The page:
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Panto Review: A Very Very Bad Cinderella (The Other Palace Studio)

Review by Daz Gale


Panto season is here again. Oh yes it is! And while most pantomimes are full of child friendly tropes such as shouting "HE'S BEHIND YOU", us grown ups deserve a bit of fun as well. And thus, the adult pantomime was born. If you like your pantos with more four letter words than a particularly bad episode of Countdown and more innuendo than you can fit in your end-o, The Other Palace may just have the panto for you with this year's offering A Very Very Bad Cinderella, but would this production be a costly mistake?

Following in the footsteps of last year's excellent Ghosted - Another F**king Christmas Carol, A Very Very Bad Cinderella takes all the tried and tested elements to a panto and brings them to this classic story in a way you will have never seen before. With a previous version being seen at the Turbine Theatre in 2020, this new iteration of Cinderella has been ingeniously retitled to reference Andrew Lloyd Webber's not so ingeniously titled Bad Cinderella. The basic premise still sees Cinderella go to the ball along with her sisters although this plot is touched upon occasionally as the focus pulls more on setting up the next random sketch, such is the nature of pantomimes. Unfortunately, something about this production doesn't land. While it can be seen as a love letter to musical theatre with no shortage of references to performers, shows and recent events that have rocked the theatre world of late, the references themselves have been used as the punchline with seemingly no thought to how to actually structure the joke so it becomes funny. Merely saying the name of a show in what can be a very niche reference is not enough to elicit a laugh as the worryingly quiet audience on the night I visited testified. It is the writing that stops this panto delivering with jokes we have either heard before or shouldn't have been deemed good enough to make the cut.

While there are more misses than hits, a few moments enjoy more success such as Vajayjay's (Imelda Warren-Green) brilliant story involving many a musical theatre title and a tongue-twisting conversation. A particularly pleasing rendition of 'Don't Cha' shows Sunset Boulevard isn't the only Pussycat Doll related musical to see this Christmas. Musical fans will be delighted with the familiar songs from shows such as Waitress, Hamilton, Six, Guys & Dolls and even The Prom performed, all with tweaked lyrics relating to the story and absurdity of the situations to a varied degree of success. Of course, we are also treated to a bit of ‘Bad Cinderella’ though attempting to parody a song so unserious to begin with is in itself a recipe for disaster. One element of the show that cannot be faulted however is in its exceptional cast. Keanna Bloomfield delights in her dual roles of Buttons and The Prince encapsulating the panto spirit and the madness of it all perfectly. Veronica Green and Imelda Warren-Green are a formidable double act as sisters Fanny and Vajayjay, displaying excellence in comic timing, no shortage of stage presence and vocals for days. Despite surprisingly being underused in comparison to her sisters, the undoubted star of the show belongs to May Tether as the titular Cinderella. There is nothing bad about her performance here as anyone who has seen her before will testify to what a powerhouse vocalist she is here. It’s a shame she doesn’t have much to do with the material as she really is the best thing about this production. Also look out for an uncredited but brilliant pre-recorded video from the fabulous Oscar Conlon-Morrey whose tongue-in-cheek cutting remarks were a bit too on the nose at times.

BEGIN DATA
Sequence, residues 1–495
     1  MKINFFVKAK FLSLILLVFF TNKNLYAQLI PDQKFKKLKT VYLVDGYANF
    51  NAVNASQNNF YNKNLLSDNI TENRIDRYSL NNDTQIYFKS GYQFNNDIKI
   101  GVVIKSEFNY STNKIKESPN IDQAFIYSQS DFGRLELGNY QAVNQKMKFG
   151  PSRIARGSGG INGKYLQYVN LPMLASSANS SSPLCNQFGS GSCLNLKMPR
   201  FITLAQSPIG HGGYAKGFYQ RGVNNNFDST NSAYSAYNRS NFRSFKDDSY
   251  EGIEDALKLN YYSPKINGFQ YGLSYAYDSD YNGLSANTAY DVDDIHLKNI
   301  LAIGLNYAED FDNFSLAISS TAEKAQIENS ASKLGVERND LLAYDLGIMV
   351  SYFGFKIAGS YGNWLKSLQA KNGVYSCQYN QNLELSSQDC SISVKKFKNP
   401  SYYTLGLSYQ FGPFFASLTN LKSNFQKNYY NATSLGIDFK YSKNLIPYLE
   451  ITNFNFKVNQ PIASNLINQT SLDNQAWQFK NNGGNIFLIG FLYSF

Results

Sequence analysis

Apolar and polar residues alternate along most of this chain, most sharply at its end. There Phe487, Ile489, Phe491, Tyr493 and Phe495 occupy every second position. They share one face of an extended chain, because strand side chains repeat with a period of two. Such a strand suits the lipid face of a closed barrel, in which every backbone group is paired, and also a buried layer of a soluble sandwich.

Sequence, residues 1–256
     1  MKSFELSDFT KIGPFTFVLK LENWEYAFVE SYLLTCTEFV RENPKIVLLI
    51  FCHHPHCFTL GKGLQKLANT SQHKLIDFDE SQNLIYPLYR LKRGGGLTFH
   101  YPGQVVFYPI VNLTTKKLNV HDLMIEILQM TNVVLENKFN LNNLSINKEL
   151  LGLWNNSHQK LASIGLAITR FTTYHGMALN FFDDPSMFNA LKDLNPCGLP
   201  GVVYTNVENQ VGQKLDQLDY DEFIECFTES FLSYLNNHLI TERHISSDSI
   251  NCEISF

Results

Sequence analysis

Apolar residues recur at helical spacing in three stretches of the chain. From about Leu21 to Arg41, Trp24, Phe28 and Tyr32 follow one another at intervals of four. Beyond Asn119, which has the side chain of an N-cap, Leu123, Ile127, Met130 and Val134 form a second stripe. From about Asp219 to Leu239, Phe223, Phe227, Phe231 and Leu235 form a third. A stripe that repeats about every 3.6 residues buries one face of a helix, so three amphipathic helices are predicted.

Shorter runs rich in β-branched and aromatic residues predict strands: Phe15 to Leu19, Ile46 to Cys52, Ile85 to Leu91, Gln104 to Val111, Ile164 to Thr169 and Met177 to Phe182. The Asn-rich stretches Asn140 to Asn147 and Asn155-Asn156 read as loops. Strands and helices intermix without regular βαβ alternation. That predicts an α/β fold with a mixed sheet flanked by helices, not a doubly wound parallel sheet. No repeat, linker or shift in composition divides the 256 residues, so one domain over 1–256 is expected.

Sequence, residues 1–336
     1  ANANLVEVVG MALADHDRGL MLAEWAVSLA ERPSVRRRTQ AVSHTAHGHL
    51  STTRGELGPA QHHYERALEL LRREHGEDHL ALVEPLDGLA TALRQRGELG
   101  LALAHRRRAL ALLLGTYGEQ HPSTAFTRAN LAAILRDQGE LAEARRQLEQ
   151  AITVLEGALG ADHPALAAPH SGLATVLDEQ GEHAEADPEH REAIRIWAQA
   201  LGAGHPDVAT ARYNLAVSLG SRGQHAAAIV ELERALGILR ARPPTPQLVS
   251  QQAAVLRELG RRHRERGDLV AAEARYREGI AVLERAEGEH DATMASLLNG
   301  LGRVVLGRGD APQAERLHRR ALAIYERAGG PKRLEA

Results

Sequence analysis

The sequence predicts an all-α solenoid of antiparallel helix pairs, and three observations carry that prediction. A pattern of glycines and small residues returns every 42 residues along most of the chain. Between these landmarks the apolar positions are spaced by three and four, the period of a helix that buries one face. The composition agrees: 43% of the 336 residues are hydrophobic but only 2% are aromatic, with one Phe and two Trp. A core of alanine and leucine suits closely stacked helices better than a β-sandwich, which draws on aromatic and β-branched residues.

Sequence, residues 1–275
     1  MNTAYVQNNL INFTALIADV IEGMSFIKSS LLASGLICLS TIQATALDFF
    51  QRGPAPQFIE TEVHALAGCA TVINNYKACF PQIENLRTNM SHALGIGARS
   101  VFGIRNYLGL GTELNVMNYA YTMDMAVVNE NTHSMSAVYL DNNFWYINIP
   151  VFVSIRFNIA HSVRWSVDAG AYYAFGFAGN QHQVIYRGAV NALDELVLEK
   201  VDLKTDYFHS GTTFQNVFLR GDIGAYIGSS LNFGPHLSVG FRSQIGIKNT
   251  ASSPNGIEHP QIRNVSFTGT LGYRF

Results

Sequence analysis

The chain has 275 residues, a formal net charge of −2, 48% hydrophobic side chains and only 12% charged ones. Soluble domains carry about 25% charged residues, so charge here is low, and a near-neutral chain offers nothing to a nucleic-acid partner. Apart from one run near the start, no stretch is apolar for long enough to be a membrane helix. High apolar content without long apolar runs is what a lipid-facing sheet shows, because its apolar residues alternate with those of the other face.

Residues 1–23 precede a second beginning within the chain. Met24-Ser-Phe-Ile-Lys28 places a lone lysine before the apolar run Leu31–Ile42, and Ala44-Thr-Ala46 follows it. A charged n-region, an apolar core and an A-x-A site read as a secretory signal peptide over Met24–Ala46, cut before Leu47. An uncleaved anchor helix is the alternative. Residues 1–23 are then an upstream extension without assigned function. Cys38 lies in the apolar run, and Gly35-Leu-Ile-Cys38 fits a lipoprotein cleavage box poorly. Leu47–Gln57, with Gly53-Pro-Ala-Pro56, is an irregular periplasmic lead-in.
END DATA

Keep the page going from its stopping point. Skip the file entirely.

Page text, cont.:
I get the sense that with A Very Very Bad Cinderella, the writers attempted to throw everything they could in an attempt to see what sticks. Unfortunately, the end result is incredibly messy and as inconsistent as it gets. Though there are admittedly and refreshingly a handful of hilarious moments, these are unfortunately negated by far more misfires. I don't expect much logic from an adult pantomime but the inclusion of a well-loved puppet from the 1980s was one step too far on my weirdness ladder and led to a sequence that I'll be discussing in therapy for years to come. It felt like they had no shortage of material to play with here and the punchlines were there for the taking but somehow these opportunities were never quite taken. It's ironic that this show is named after the Andrew Lloyd Webber musical that was dogged with problems as A Very Very Bad Cinderella suffers the same fate. Confused, messy, and inconsistent writing stops this from being the runaway success it so could have been which is especially frustrating given the brilliance that was its 2020 socially distanced incarnation. There is also the argument that I am an old Scrooge who needs to lighten up and stop expecting every panto I see to meet a certain standard, but I will counter that argument by saying theatre deserves a higher quality and substandard writing lets it all down. Of course, it is important to remember, as always, that this is merely one person’s opinion and the beauty of theatre is in how we all respond differently to the same shows. Other people near me enjoyed this panto far more than I did so I would encourage others to give it a chance despite my own thoughts, However, for me personally, A Very Very Bad Cinderella is not your panto, it's a bad panto.

A Very Very Bad Cinderella plays at The Other Palace until 7th January. Tickets from



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